A Person-Centred Analysis of Triadic Acculturation Gaps in Chinese Canadian Immigrant Families




Li, Jie

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Past research on the impacts of acculturation gaps among immigrant family members has yielded inconclusive results potentially due to inconsistent analytical methods, lack of consideration of family processes, and discrepant conceptualizations of acculturation. With a sample of 161 Chinese Canadian immigrant families, the current study adopted a person-centred approach with a family lens to examine the nature of acculturation gaps and how these gaps were associated with family functioning and individual psychological adjustment. Latent profile analyses were utilized to generate mother-father-child acculturation profiles based on individual reports of acculturation (in the domains of cultural identity and value, separately) from mothers, fathers, and children in the same family. The results identified five family acculturation profiles in the identity domain and four family acculturation profiles in the value domain. Parents’ cultural disengagement was linked to the most positive psychological wellbeing and family relationships for all family members. The expected acculturation gaps in the Canadian host dimension were not found to be associated with the most depressive symptoms or family conflicts, suggesting that acculturation gaps where adolescents were more acculturated to the host culture than their parents may be normative in immigrant families and thus not linked to youth maladjustment. In contrast, the reversed acculturation gaps in the host dimension and the expected acculturation gaps in the heritage dimension were consistently found to be associated with family conflicts and individual psychological distress. The results also revealed an undifferentiated acculturation style that was not outlined in Berry’s model. An undifferentiated style was characterized by average acculturation levels on both the heritage and host dimensions, and it was the most prevalent individual acculturation style in the identity domain and the second most prevalent style in the value domain. Directions for future research and the benefits of using a person-centered approach in the research of acculturation gaps are discussed.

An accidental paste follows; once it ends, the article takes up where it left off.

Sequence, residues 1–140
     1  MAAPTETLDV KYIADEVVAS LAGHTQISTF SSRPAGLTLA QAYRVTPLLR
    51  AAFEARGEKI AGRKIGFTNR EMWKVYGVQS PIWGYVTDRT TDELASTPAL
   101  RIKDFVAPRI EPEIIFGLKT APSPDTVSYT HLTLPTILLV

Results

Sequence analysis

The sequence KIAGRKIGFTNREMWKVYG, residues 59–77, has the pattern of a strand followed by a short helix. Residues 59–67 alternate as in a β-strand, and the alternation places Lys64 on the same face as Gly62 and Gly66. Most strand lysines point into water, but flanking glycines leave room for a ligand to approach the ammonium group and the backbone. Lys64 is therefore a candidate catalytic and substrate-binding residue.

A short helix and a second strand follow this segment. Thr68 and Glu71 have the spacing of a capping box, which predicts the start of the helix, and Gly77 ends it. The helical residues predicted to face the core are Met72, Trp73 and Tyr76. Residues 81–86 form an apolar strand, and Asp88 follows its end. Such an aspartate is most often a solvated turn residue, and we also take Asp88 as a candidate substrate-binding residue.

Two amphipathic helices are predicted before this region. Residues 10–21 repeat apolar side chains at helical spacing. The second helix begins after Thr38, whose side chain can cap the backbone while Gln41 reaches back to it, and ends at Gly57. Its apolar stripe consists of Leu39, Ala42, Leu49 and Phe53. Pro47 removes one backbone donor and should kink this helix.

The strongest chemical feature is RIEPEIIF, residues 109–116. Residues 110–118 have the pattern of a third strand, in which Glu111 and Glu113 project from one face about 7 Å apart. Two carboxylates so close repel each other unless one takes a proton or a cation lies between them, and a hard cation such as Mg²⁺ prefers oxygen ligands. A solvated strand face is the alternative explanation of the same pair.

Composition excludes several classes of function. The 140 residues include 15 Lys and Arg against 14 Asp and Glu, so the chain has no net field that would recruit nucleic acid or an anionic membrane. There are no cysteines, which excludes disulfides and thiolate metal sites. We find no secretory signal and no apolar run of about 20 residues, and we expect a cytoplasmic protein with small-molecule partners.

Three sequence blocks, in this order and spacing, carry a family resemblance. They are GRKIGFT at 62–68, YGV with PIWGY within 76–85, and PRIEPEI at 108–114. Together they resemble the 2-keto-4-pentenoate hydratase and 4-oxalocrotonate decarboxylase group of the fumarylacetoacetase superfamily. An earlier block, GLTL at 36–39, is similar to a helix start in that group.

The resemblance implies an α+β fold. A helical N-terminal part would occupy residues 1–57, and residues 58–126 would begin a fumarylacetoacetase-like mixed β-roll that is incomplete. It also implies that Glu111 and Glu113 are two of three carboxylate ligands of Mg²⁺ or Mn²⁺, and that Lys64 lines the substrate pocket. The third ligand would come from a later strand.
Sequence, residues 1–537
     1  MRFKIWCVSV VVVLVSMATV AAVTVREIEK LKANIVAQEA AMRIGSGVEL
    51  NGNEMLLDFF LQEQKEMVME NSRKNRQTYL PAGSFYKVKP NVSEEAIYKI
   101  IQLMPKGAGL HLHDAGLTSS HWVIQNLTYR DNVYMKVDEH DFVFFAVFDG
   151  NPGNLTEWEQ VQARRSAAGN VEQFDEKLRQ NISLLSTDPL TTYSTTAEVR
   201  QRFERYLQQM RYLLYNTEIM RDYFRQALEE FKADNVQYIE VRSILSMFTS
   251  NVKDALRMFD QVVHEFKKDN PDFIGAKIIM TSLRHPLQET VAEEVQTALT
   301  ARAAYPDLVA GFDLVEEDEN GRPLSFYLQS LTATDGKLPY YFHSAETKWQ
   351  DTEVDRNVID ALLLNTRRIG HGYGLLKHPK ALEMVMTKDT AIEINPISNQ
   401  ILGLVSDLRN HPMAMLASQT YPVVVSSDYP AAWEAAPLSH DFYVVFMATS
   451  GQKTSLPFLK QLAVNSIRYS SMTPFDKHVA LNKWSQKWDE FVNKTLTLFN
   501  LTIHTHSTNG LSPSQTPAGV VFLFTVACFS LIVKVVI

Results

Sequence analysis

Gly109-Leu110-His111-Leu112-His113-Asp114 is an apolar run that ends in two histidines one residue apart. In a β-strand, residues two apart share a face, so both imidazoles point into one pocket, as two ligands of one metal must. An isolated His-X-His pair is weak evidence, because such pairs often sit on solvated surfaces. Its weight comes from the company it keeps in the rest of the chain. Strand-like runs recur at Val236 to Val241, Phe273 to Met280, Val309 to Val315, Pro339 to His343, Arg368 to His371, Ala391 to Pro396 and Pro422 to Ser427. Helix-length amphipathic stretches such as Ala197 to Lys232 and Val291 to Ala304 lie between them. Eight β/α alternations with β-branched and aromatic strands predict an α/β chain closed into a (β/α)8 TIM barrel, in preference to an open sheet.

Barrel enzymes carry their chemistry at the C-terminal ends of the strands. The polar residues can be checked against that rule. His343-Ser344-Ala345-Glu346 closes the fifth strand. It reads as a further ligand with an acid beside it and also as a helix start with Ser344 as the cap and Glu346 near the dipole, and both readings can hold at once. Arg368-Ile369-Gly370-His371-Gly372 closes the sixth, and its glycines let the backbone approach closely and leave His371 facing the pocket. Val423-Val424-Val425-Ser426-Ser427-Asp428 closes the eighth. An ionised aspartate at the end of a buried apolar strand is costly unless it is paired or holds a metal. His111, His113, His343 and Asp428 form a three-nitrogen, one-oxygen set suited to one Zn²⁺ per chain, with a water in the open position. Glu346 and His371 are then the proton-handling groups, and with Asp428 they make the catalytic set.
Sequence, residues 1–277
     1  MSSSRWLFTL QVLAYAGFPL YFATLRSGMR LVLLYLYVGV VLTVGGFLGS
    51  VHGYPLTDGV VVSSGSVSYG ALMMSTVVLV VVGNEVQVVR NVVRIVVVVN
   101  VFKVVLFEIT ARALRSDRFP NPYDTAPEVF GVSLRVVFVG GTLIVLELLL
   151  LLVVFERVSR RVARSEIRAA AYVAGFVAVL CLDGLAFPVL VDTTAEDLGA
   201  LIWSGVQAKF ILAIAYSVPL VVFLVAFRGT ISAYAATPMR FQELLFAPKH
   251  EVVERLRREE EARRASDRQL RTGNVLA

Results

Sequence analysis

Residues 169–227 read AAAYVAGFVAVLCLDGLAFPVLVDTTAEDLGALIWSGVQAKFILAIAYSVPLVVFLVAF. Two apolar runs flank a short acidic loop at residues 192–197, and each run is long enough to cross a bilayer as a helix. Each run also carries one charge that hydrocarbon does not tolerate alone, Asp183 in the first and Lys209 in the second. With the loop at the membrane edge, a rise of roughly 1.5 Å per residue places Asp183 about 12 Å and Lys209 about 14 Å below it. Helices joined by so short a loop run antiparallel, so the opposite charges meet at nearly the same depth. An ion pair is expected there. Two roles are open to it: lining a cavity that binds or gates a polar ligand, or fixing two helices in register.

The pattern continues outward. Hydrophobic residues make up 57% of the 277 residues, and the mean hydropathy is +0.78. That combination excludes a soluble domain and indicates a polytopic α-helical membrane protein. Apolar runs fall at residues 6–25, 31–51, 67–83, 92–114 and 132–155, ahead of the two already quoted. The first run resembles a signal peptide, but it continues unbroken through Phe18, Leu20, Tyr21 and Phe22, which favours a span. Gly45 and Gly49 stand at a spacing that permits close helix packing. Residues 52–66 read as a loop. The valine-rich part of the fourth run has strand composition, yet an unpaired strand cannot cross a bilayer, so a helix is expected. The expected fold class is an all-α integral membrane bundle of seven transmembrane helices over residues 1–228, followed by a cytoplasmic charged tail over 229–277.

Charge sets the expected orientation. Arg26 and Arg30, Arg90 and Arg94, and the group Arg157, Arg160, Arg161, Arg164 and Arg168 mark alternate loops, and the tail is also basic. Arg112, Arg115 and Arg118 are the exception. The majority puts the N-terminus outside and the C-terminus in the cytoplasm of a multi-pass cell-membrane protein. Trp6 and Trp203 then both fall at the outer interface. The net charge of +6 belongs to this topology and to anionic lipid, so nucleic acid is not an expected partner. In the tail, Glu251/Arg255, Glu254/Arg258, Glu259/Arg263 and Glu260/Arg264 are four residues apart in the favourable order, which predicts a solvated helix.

immigrant families, acculturation gaps, adolescents, person-centered approach, psychology